Music Prof Pirouettes to Contest Final

Mark Berger Emerges as Regional Rapido! Champ

Mark Berger

Mark Berger

10/31/2012
By David Perry

When Mark Berger had to test his musical mettle this summer he thought of his 6-year-old daughter, spinning, joyously, on tip-toes.

It worked so well that Berger, an adjunct professor of music who teaches violin and viola at UMass Lowell, is one of five finalists whose brief works will converge early next year in Atlanta where a Rapido! Composition Contest champion will be crowned. The winner earns $20,000 in prizes, including a commission from a major symphony orchestra. 

His composition, “Dream Dances,” topped two others in a Boston regional final Sept. 28. Written to specific guidelines within a 14-day period in June, and performed by Boston Musica Viva, the short chamber piece was a personal challenge to Berger, one of 367 composers from 41 states to enter. 

“It’s a very strange thing, speed writing,” says Berger, 35. “It’s a really good exercise.”

He first entered the Rapido! competition last year “as a way to generate some material.” Berger had already landed a standing commission with the Worcester Chamber Music Society and “if I didn’t win, it was a way to get something I could expend for that.” He didn’t win, but the six-minute work that grew from the competition, “Bloom,” premiered last April in Worcester.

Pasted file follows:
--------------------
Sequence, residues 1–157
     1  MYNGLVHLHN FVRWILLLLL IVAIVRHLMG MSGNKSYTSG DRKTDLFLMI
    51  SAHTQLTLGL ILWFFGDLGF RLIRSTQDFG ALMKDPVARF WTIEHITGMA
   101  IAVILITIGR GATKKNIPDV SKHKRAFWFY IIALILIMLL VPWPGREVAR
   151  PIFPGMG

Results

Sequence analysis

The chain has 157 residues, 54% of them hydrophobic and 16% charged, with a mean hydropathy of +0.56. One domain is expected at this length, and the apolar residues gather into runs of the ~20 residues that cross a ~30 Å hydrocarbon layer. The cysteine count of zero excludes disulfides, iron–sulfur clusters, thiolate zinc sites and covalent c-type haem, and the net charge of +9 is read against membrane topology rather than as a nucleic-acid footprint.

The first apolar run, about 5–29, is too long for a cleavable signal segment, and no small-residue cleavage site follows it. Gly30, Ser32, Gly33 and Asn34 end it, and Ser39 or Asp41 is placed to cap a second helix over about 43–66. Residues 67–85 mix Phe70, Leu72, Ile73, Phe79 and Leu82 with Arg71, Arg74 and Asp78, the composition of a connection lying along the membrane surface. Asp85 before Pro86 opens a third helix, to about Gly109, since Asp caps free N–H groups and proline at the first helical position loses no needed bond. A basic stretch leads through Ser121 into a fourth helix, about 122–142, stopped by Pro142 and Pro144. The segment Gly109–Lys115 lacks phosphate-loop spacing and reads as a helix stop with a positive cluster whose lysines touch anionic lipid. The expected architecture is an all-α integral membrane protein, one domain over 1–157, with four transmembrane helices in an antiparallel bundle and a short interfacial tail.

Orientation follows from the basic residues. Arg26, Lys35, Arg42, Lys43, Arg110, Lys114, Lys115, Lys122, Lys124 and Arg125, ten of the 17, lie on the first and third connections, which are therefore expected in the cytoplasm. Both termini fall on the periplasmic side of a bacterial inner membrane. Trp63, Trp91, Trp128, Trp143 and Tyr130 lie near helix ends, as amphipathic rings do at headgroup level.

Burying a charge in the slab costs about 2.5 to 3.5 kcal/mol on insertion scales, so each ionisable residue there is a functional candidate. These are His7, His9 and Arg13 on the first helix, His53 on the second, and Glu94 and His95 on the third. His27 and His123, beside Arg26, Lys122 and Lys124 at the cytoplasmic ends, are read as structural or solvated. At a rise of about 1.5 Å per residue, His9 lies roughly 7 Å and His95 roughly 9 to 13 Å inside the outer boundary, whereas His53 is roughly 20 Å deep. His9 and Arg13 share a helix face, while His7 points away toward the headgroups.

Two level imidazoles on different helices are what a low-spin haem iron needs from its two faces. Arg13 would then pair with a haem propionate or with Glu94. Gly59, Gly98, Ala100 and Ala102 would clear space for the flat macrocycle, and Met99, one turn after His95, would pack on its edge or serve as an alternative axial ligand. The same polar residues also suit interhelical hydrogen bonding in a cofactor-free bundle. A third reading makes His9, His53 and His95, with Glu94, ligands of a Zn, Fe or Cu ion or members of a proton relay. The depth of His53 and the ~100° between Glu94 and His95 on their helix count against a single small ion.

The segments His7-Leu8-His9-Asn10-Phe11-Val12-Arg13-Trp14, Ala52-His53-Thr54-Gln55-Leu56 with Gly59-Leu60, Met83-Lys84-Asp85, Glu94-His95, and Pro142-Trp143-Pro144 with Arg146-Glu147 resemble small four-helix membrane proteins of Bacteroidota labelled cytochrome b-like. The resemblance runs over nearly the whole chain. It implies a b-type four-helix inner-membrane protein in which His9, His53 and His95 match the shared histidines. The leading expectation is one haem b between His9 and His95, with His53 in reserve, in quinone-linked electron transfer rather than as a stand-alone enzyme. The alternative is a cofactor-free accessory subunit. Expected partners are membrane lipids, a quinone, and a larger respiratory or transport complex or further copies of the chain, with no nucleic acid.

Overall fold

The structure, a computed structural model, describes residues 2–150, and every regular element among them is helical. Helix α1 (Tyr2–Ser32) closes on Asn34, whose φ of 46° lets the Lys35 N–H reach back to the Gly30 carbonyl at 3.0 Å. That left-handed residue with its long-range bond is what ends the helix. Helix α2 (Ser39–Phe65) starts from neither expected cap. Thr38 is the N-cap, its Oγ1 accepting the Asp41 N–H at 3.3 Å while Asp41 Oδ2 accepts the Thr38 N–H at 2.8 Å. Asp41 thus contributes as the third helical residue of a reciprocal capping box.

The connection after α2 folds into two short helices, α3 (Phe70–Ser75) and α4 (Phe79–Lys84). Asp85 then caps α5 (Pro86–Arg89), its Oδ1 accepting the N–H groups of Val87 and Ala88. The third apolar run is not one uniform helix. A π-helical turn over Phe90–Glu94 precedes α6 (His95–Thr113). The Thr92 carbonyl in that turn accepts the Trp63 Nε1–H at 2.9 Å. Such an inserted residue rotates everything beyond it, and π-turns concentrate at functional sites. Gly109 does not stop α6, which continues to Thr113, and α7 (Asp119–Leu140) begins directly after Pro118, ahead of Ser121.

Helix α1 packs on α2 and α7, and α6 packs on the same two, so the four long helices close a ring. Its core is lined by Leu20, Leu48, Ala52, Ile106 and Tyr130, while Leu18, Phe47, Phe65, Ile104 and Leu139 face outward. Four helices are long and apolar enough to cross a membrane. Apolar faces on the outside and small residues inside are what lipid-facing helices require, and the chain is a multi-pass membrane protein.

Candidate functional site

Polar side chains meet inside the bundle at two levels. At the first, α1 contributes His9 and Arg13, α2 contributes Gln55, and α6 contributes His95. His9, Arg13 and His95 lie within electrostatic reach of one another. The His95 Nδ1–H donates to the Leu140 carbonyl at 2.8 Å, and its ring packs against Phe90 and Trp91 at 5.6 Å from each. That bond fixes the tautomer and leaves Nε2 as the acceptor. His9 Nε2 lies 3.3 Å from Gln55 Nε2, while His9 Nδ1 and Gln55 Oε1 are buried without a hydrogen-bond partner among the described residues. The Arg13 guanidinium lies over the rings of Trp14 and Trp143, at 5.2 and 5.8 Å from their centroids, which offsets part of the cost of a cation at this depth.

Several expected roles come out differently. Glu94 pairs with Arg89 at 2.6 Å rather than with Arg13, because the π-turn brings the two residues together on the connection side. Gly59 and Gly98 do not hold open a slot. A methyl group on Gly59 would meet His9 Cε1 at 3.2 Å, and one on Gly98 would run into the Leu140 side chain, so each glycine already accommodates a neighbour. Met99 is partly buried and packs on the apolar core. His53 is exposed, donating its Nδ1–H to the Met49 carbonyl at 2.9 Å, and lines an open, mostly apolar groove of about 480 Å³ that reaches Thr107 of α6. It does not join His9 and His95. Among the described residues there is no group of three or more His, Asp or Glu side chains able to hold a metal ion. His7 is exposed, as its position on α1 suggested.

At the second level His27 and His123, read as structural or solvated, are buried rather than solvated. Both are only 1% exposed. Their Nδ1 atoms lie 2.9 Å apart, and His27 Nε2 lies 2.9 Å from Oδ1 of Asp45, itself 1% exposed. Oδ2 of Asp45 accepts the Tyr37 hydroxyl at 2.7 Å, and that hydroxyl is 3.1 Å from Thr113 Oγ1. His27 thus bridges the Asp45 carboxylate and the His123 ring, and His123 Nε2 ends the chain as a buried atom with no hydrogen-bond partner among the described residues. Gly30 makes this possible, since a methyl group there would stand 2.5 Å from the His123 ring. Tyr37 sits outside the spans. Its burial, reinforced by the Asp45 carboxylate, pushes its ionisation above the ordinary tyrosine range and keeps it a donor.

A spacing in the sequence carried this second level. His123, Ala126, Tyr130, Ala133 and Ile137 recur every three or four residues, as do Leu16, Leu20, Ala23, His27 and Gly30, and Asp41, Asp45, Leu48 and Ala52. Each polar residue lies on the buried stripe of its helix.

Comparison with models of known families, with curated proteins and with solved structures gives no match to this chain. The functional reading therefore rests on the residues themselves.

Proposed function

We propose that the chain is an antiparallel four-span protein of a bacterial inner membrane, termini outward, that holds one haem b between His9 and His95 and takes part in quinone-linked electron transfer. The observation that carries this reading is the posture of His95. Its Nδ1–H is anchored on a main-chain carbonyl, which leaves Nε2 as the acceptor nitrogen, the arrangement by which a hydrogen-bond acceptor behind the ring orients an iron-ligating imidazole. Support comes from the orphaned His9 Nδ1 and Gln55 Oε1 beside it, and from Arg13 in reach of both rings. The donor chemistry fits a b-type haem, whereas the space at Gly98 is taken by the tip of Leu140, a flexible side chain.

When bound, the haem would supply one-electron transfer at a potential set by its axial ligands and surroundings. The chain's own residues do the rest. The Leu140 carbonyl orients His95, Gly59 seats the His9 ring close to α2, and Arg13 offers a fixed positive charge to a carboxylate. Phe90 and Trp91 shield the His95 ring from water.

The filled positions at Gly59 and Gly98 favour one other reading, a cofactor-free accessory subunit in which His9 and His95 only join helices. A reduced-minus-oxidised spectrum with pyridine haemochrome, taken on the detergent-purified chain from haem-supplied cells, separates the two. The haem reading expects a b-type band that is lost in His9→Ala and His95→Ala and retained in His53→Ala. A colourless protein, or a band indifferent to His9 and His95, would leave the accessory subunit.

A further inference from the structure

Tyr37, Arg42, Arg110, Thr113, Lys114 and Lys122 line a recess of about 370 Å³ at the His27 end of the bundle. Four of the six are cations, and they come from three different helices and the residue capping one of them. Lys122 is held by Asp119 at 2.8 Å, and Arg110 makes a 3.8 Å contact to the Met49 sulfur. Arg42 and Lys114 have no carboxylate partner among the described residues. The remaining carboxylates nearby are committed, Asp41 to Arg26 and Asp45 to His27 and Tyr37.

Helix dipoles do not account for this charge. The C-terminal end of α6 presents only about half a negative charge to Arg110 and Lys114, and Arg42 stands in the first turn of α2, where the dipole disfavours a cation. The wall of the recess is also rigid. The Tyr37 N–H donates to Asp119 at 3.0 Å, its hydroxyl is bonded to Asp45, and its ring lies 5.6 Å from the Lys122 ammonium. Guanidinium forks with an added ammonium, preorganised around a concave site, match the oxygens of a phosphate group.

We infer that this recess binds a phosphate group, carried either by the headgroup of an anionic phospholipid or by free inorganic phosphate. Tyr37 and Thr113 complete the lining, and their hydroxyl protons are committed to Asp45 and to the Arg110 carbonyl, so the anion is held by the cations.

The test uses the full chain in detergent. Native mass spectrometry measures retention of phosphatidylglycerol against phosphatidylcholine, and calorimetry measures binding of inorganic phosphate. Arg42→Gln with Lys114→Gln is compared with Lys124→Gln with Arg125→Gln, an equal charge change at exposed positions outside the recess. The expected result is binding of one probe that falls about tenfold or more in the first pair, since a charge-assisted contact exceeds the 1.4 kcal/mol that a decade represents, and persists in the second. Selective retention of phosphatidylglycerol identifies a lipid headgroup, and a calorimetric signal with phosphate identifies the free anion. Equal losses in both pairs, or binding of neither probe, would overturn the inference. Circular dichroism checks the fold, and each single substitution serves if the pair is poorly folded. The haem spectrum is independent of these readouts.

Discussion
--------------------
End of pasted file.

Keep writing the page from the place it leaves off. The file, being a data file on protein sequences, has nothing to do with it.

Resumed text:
A Marlborough resident who began taking violin lessons at age 3 (“I was disruptive during my sister’s piano lesson,” he confesses) he plays violin and viola and is a freelance musician who has played with a vast array of groups.

In June, he received an email from contest organizers with guidelines – the original short composition must be written for oboe, violin, cello and piano and must be in some way related to dance.

Berger did the job in half of the two weeks allotted. 

“I’ve always been sort of a fast worker anyway,” he says. “My 6-year-old daughter is very involved with ballet and I thought of her happily spinning away in an endless pirouette.”

He built the feeling into a chamber piece. “It’s part of the craft of composing,” he says. “It’s a temporal art form, where you create and then build up and release tension over time. It’s what we all struggle with as composers, filling up time with material.”

The finals in Atlanta are set for Jan. 20, 2013.